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Lorin Williams is a screenwriter and a script coordinator, and has worked as a producer in successful reality TV Shows like Married at First Sight and The Real Housewives of Potomac.

In this article, part of a Zaftyg’s series, she opens up about career, childhood dreams and what needs to change in the industry. Lorin was also a guest in our podcast, you can listen here.

Read more!

The person behind the name Lorin Williams

My name is Lorin and I hail from the great state of Michigan. I have two wonderful parents who are now semi retired and living in Florida along with one older sister who lives in Chicago. I’ve been living in Los Angeles for just over 12 years, arriving Fourth of July weekend 2008… the Great Recession started in October 2008 so as you can imagine, I was beyond broke. I was too broke to afford the move home like so many of the friends I made when I first touched down in the city. I had to keep swimming or I was going to drown. I went through a ton of survival jobs and even once fell asleep at a red light when driving home in the wee hours of the morning, having just worked an overnight shift. But somehow I made it home safe that day and many other days, kept moving, kept surviving and now I’m living out my childhood dreams.

Image:: Daryl Jim Diaz

Start of her career and journey

My first job in the entertainment industry was as a PA on a show called The Bad Girls Club. I rose through the ranks of unscripted television working on various reality TV shows and game shows but all the while I was trying to find my way into a writer’s room. The thing is, as I started to gain steam in unscripted and garner more credits, the less responsive folks in scripted television were to my attempts at networking or getting read by anyone. So I hunkered down and accepted that I was meant to be a producer in unscripted television and that was all. Then the perfect storm hit, a mixture of a pandemic leaving me unemployed with nothing but time on my hands, paired with WGA writers looking to gain solidarity amongst baby writers to hold the line, add in a social movement where companies and productions were forced to reflect on hiring practices that consistently left them with non diverse workspaces, and suddenly everyone was willing to hear me out and read my work. One of those folks was my EP and current boss, Nicole Dubuc, who put out on Twitter that she wanted to be helpful and would commit to reading underrepresented voices. She read me, liked me, and hired me.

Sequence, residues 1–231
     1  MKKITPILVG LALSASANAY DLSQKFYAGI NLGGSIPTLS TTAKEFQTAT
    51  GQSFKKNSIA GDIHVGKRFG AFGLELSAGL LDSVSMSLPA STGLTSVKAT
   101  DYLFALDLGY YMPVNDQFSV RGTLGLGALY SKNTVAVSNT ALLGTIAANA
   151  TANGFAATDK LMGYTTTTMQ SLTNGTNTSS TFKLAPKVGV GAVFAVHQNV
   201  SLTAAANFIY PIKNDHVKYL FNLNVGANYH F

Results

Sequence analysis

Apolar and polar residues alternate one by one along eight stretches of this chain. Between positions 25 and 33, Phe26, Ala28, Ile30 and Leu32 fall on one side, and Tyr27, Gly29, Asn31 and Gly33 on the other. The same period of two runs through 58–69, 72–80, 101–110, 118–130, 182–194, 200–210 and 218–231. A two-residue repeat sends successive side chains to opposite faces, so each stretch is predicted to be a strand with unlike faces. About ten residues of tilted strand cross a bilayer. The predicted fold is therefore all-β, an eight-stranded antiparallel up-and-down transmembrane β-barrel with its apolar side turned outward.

What are you currently working on?

I currently work as a script coordinator for a new entry in the Transformers franchise over at Nickelodeon. It’s my first writer’s room and it’s been an incredibly welcoming space. I have a lot of responsibilities but the best thing by far is that my EPs view the script coordinator position as a true part of the writer’s room so I get to pitch stories and punch up jokes and they’ve even assigned me an episode to write.

What’s your career highlight?